The obvious question: which team mocked, taunted, and capitalized on the other teamï¿½s failures, mistakes and physical appearance, the secular schoolï¿½Menlo School)ï¿½or the school based on the teachings of Jesus Christ who also purportedly believe that an all-powerful god is watching their every moveï¿½Sacred Heart Preparatory School? By now, you guessed it: the not-so-God-fearing God-fearing group.
While a relatively harmless exampleï¿½itï¿½s not like they were burning women to death for casting spells or telling people who they can and canï¿½t marryï¿½this is yet another data point that suggests that either:
a. religious-based ethics does not necessarily supersede that of the non-religious or,
b. the religious simply donï¿½t believe what they claim.
Regarding the former option, itï¿½s been said that, ï¿½Without religion, everything is permissible.ï¿½ (This is actually a mis-quote, mis-attributed to Dostoyevsky.) This clearly isnï¿½t true, though, as demonstrated in last nightï¿½s ï¿½sportspersonship competition.ï¿½ The mission statement of Menloï¿½s athletic department alone includes the promotion of such virtues as: humility, character, integrity, respect for competitors, and emotional control. This is the opposite of what we saw from the religious example last night as well as countless other sporting examples such as the aptly named religious private school in Dallas, Covenant, who recently received national attention by drubbing an extremely inexperienced team 100-0 while continuing a full court press throughout the game and shooting three-point shots even near the end, or San Diego Chargersï¿½ quarterback Philip Rivers who, with Bible verses referenced on his face, still outwardly mocks other players repeatedly to the point of receiving numerous 15-yard penalties for unsportsmanlike conduct. At times, one really does wish they would ask ï¿½What would Jesus do?ï¿½ in a non-rhetorical manner and then actually do thatï¿½it would certainly adhere to the ethos promoted on Menloï¿½s secular site.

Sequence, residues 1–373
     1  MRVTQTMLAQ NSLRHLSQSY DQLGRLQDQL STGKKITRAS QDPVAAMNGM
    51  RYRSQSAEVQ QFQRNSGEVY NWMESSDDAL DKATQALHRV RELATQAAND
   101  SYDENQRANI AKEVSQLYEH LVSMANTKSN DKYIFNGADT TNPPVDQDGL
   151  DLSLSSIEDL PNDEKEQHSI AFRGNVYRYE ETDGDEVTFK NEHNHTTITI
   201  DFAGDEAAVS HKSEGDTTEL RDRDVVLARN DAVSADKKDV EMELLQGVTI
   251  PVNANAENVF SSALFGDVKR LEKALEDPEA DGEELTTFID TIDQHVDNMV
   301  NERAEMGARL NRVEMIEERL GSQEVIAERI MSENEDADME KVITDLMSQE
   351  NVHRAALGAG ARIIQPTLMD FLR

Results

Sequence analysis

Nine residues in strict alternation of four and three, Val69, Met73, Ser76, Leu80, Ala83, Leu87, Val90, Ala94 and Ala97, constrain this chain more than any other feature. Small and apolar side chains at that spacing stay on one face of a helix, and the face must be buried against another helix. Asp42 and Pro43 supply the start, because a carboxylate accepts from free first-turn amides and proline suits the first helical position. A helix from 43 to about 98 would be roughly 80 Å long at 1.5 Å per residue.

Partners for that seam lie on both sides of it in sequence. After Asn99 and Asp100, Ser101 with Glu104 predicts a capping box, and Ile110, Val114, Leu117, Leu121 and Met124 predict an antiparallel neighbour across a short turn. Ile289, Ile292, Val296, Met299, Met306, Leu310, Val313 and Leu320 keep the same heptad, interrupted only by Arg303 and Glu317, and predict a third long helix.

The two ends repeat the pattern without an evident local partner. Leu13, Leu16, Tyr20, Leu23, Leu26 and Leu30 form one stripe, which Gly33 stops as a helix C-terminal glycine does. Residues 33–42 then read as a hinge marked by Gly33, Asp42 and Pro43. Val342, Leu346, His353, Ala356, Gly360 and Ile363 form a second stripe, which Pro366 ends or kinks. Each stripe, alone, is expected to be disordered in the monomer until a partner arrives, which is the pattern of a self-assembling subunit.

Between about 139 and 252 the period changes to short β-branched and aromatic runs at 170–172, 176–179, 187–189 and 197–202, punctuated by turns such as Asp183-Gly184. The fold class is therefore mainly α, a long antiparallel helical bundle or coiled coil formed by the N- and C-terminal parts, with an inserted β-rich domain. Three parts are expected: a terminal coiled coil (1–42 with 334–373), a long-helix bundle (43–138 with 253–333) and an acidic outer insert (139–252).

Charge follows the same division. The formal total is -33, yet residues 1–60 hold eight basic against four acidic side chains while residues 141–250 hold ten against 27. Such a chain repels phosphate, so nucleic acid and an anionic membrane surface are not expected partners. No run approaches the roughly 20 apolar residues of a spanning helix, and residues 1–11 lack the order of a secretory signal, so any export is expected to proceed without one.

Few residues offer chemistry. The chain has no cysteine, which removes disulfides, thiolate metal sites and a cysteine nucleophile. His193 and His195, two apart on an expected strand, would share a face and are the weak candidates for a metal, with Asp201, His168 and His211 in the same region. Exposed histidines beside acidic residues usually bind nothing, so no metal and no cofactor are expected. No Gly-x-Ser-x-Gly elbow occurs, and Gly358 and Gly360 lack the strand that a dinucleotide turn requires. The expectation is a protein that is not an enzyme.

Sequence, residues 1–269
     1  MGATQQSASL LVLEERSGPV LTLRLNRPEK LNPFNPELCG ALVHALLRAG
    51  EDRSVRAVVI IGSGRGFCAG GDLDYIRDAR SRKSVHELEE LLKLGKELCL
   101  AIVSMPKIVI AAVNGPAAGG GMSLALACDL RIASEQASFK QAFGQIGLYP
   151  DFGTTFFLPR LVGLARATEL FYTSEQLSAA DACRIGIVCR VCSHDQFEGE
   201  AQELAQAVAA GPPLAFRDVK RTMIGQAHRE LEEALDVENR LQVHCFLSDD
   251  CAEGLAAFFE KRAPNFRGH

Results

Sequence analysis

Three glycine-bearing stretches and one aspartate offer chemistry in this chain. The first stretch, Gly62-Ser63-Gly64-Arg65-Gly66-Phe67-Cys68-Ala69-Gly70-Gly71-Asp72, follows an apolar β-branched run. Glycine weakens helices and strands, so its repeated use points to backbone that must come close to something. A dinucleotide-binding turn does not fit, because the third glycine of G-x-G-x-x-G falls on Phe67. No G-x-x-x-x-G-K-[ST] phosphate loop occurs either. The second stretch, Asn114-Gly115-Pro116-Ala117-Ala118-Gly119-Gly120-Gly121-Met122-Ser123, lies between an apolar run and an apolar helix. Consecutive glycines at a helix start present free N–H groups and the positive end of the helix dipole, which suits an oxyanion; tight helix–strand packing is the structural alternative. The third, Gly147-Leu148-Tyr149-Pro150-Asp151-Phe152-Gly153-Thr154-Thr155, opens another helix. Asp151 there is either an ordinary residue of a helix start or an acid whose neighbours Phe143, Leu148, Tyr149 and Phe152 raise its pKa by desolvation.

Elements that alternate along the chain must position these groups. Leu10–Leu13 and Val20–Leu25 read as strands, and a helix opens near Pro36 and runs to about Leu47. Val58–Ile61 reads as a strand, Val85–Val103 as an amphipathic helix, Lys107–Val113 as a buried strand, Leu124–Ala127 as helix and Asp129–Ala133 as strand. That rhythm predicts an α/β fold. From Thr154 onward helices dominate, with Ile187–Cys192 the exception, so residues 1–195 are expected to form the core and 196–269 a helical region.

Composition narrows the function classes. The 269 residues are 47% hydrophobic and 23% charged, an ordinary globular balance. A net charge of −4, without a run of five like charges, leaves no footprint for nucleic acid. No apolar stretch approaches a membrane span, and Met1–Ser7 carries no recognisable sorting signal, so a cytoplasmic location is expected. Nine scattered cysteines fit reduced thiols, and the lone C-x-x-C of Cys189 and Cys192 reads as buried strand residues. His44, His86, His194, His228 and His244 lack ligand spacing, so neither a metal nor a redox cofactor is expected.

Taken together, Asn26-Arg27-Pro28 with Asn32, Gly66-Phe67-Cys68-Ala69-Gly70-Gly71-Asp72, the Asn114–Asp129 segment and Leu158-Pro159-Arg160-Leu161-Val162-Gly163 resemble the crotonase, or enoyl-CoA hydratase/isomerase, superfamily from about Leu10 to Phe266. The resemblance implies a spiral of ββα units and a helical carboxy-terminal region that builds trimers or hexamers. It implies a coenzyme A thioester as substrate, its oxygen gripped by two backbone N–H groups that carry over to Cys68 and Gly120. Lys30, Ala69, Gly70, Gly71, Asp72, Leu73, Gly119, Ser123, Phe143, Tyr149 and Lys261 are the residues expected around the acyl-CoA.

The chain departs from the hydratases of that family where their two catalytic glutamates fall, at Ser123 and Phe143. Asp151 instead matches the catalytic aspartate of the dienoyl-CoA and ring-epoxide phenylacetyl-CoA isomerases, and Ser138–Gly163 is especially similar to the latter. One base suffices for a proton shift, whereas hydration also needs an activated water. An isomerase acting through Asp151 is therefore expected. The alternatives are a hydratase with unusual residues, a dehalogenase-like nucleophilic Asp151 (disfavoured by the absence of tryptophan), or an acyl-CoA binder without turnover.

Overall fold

It must be, then, that the religious simply donï¿½t believe in the stories of Jesus, or certainly not in an omniscient supernatural being, watching their every move, and deciding the fate of their souls. Were this the case, itï¿½s hard to imagine an entire groupï¿½parents, administrators, and studentsï¿½mocking high school athletes, especially when the non-religious down the street are setting a more Christ-like example simply based on core humanistic values. Kids will be kids, certainly, and no one is perfect, but when eternal salvation is on the line and God is watching, it seems like that would be good motivation. Or maybe not.